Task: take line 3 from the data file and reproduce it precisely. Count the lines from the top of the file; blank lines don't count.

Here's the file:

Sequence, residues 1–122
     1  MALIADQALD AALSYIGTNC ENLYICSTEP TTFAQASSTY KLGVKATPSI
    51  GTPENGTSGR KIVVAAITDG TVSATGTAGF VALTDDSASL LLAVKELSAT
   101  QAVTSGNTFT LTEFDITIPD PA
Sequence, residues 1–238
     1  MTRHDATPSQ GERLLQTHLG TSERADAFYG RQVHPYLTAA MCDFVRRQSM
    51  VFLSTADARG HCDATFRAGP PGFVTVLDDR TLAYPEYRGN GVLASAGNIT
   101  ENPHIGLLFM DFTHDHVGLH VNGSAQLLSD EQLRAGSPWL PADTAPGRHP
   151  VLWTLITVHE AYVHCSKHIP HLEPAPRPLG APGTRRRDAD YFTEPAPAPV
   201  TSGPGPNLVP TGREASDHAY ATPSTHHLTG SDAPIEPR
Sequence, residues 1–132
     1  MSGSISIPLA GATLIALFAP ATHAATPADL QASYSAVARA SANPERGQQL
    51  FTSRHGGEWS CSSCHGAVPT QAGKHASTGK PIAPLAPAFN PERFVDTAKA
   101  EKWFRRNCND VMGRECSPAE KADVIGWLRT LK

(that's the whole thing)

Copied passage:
    51  GTPENGTSGR KIVVAAITDG TVSATGTAGF VALTDDSASL LLAVKELSAT